Dakota people

The Dakota (pronounced [daˈkˣota], Dakota language: Dakȟóta/Dakhóta) are a Native American tribe and First Nations band government in North America. They compose two of the three main subcultures of the Sioux people, and are typically divided into the Eastern Dakota and the Western Dakota.

Dakota
Charles Alex Eastman (1858–1939), physician, author, and co-founder of the Boy Scouts of America
Total population
20,460 (2010)[1]
Regions with significant populations
 United States (South Dakota, Minnesota, Nebraska, Montana, North Dakota),
 Canada (Manitoba, Saskatchewan)
Languages
Dakota,[1] English
Religion
Christianity (incl. syncretistic forms), traditional tribal religion, Native American Church, Wocekiye
Related ethnic groups
Lakota, Assiniboine, Stoney (Nakota), and other Sioux

The four bands of Eastern Dakota are the Bdewákaŋthuŋwaŋ, Waȟpéthuŋwaŋ, Waȟpékhute, and Sisíthuŋwaŋ and are sometimes referred to as the Santee (Isáŋyathi or Isáŋ-athi; "knife" + "encampment", "dwells at the place of knife flint"), who reside in the eastern Dakotas, central Minnesota and northern Iowa. They have federally recognized tribes established in several places.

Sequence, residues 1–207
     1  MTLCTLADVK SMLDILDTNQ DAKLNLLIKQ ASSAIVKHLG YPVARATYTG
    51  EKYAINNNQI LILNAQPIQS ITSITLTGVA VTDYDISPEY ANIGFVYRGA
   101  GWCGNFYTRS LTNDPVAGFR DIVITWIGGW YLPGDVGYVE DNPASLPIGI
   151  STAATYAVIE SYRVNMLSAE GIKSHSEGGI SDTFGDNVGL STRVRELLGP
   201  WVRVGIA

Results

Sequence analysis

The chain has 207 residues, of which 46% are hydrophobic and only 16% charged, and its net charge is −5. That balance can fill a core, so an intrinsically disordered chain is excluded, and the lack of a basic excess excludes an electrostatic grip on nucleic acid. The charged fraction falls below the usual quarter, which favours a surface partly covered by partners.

The Western Dakota are the Yankton, and the Yanktonai (Iháŋktȟuŋwaŋ and Iháŋktȟuŋwaŋna; "Village-at-the-end" and "Little village-at-the-end"), who reside in the Upper Missouri River area. The Yankton-Yanktonai are collectively also referred to by the endonym Wičhíyena ("Those Who Speak Like Men"). They also have distinct federally recognized tribes. In the past the Western Dakota have been erroneously classified as Nakota, a branch of the Sioux who moved further west. The latter are now located in Montana and across the border in Canada, where they are known as Stoney.[2]


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